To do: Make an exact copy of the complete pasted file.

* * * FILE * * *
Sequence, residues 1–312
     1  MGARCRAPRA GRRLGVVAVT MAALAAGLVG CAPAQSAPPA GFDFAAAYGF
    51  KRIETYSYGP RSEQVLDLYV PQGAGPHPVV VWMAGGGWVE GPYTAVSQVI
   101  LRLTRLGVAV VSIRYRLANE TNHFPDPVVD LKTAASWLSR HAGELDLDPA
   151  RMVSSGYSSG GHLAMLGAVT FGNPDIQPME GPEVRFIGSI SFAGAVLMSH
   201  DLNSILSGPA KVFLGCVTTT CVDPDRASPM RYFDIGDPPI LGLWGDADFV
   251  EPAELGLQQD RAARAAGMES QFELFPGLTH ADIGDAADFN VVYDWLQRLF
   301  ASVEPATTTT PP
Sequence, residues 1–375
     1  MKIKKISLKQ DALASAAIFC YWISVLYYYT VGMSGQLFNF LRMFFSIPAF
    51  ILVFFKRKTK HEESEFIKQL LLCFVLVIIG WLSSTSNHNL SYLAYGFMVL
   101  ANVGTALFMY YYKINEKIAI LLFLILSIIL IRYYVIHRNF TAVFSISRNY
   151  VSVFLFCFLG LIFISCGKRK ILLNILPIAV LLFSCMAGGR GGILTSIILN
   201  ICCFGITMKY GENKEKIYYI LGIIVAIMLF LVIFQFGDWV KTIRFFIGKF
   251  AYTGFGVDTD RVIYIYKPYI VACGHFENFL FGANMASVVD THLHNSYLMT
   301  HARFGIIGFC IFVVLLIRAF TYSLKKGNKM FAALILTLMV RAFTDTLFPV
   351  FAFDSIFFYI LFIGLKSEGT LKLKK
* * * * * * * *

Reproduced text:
Sequence, residues 1–312
     1  MGARCRAPRA GRRLGVVAVT MAALAAGLVG CAPAQSAPPA GFDFAAAYGF
    51  KRIETYSYGP RSEQVLDLYV PQGAGPHPVV VWMAGGGWVE GPYTAVSQVI
   101  LRLTRLGVAV VSIRYRLANE TNHFPDPVVD LKTAASWLSR HAGELDLDPA
   151  RMVSSGYSSG GHLAMLGAVT FGNPDIQPME GPEVRFIGSI SFAGAVLMSH
   201  DLNSILSGPA KVFLGCVTTT CVDPDRASPM RYFDIGDPPI LGLWGDADFV
   251  EPAELGLQQD RAARAAGMES QFELFPGLTH ADIGDAADFN VVYDWLQRLF
   301  ASVEPATTTT PP
Sequence, residues 1–375
     1  MKIKKISLKQ DALASAAIFC YWISVLYYYT VGMSGQLFNF LRMFFSIPAF
    51  ILVFFKRKTK HEESEFIKQL LLCFVLVIIG WLSSTSNHNL SYLAYGFMVL
   101  ANVGTALFMY YYKINEKIAI LLFLILSIIL IRYYVIHRNF TAVFSISRNY
   151  VSVFLFCFLG LIFISCGKRK ILLNILPIAV LLFSCMAGGR GGILTSIILN
   201  ICCFGITMKY GENKEKIYYI LGIIVAIMLF LVIFQFGDWV KTIRFFIGKF
   251  AYTGFGVDTD RVIYIYKPYI VACGHFENFL FGANMASVVD THLHNSYLMT
   301  HARFGIIGFC IFVVLLIRAF TYSLKKGNKM FAALILTLMV RAFTDTLFPV
   351  FAFDSIFFYI LFIGLKSEGT LKLKK